navigating our diet obsessed world

Diet Culture
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My children (aged 8 and 10) and I were watching the ABC’s Back in Time for Dinner. If you have not seen it, it is a fascinating look at how food has changed over the decades. The series we watched started in the 1950’s and ended with a projection of future food. It was a fascinating insight into ‘how and what we eat’ has been influenced by gender roles, world events, technology, immigration and much more. We really enjoyed the show and the conversations that have come from it.

In the 1980’s diet culture really hit the scene, both in reality apparently and in the show. Children “are getting fatter” they explained and took a look at some of the common “restrictive diets’ of the times. In 2020’s there was a banana bread show down of a high sugar banana bread verses non sugar variety (both were a tad extreme in my book). Now the show is great and for us, the diet culture parts sparked interesting conversations between me and my children.

But it got me thinking….we sadly still live in a world filled with diet culture. So how can we help our children navigate this world?

What is diet culture and why is it dangerous?

Have you ever thought about the world we live in from a health perspective? How even well into the 21st century, our community is still obsessed with external beauty and body size?

Diet culture is a belief system than values thinness and equates body size to health and virtues. Diet culture thrives on restriction, and makes us feel guilty and ashamed for eating certain foods and not exercising enough. Diet culture is big business, worth billions of dollars. Diet culture is all about following food rules. And their marketing is amazing, prying on our self doubt, on making us feel that our bodies are not good enough. Inspiring us to judge ourselves and others on their external appearance. Convincing us that our eating habits and our body shape is as simplistic as what we eat and how much we exercise (when actually genetics, stress, medications, mental health, sleep and more are all factors).  Diet culture does not value individuality and well being.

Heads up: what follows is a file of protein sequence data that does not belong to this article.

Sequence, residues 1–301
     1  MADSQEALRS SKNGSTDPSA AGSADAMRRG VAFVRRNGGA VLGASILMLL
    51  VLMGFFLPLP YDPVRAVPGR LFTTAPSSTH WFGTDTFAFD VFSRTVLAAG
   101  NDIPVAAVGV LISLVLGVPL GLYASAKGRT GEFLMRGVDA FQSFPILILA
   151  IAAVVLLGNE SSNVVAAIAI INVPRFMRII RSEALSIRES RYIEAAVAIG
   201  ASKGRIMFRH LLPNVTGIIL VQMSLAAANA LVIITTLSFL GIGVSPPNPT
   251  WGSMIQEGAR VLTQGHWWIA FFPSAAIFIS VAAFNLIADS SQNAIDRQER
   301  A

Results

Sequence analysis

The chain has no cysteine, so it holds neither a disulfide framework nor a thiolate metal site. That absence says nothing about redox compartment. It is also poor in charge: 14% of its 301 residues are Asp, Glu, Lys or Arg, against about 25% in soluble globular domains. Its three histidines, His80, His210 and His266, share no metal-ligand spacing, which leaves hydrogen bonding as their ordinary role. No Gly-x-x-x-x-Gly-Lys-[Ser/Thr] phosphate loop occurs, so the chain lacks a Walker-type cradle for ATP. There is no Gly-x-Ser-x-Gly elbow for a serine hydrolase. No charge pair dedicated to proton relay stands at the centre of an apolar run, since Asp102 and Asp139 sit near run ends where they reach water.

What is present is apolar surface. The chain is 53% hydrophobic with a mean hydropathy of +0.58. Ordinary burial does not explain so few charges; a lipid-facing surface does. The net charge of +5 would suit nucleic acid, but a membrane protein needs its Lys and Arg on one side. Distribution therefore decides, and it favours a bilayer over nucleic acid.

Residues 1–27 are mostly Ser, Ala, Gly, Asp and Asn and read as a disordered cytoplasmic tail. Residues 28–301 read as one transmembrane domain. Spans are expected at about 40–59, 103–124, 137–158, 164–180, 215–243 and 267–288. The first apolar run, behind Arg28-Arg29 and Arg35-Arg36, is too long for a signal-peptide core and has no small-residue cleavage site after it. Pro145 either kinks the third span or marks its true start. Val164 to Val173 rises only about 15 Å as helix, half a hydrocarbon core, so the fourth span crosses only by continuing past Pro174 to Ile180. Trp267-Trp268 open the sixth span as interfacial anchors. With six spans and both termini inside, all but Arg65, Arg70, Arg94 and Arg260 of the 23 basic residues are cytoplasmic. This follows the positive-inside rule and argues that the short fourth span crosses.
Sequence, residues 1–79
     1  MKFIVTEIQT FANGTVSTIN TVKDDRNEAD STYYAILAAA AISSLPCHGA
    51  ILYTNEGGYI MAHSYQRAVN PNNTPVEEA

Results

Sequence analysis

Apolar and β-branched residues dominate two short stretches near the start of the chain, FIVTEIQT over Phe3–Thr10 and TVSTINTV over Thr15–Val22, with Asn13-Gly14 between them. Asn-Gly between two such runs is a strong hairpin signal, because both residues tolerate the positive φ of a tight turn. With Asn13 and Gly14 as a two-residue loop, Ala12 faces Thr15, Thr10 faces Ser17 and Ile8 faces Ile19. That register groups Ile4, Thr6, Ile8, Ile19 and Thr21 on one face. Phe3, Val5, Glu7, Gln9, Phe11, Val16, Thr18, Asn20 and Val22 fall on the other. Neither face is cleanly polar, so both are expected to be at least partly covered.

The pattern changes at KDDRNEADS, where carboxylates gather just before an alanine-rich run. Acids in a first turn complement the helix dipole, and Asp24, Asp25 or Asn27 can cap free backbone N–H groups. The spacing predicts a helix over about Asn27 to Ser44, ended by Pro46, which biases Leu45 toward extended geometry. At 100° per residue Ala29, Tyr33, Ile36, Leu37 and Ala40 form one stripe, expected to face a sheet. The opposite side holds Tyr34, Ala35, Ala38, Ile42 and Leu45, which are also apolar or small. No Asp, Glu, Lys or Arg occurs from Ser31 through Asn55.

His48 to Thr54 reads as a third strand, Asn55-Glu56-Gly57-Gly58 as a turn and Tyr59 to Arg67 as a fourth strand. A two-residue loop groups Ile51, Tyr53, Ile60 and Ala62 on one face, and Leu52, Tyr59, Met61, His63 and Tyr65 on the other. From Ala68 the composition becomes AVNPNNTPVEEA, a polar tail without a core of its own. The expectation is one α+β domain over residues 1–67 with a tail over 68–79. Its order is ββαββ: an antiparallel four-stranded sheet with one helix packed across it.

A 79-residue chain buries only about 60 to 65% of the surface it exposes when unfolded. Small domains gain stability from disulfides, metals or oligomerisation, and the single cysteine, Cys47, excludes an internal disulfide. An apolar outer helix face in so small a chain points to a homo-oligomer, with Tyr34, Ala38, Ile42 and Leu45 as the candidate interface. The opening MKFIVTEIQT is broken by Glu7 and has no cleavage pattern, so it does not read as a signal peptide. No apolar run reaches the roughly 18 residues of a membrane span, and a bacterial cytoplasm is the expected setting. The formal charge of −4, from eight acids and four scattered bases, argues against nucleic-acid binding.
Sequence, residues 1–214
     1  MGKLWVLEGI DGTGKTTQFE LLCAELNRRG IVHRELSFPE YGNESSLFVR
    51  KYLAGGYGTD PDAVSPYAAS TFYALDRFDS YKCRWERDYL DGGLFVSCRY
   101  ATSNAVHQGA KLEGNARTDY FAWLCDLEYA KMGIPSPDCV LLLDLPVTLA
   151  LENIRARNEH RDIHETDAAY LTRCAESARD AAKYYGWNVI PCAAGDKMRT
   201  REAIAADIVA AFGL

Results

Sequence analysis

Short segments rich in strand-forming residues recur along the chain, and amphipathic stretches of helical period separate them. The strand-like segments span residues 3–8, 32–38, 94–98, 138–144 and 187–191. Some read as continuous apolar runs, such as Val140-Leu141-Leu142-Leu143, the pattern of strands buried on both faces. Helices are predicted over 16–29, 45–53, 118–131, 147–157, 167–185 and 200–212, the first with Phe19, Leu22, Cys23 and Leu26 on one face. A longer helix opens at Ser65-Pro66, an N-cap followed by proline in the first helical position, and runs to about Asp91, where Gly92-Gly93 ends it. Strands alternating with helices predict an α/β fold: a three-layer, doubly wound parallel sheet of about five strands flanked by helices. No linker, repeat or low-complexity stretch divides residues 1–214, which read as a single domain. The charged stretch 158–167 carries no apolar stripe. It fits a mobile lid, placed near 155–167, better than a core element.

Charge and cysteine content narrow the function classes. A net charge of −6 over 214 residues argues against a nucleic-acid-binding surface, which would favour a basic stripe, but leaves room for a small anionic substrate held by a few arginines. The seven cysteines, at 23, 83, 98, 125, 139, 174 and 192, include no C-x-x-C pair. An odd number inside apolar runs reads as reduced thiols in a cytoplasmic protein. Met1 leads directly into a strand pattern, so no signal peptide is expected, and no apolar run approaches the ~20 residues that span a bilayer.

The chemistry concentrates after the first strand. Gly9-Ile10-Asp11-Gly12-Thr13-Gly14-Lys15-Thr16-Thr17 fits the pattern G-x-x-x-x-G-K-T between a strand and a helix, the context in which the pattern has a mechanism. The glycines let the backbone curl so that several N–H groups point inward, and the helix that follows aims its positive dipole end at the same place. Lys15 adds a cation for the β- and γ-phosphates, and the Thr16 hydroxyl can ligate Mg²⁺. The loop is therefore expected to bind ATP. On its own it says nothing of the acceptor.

Obvious diet culture includes weight loss shakes, diet pills, meal replacements, bikini body gym programs, calorie counting, detox tea and so much more. But these days there is so much less obvious diet culture. The diets that are pretending not to be diets. The words to look out for are “but” and “should”. You should eat this and “all foods are good foods but don’t eat this everyday”, “all foods can form part of a healthy lifestyle but…”.  The restriction that is pretending not to be restrictive like you can eat a ‘treat’ food but only on Thursdays (for example). Less obvious diet culture are jokes about weight gain and having to buy new clothes. It’s only seeing one body type on online workout programs. It’s the side comments of “have you lost weight, you look great”. And everything I mention above I have seen on social media just in this past week.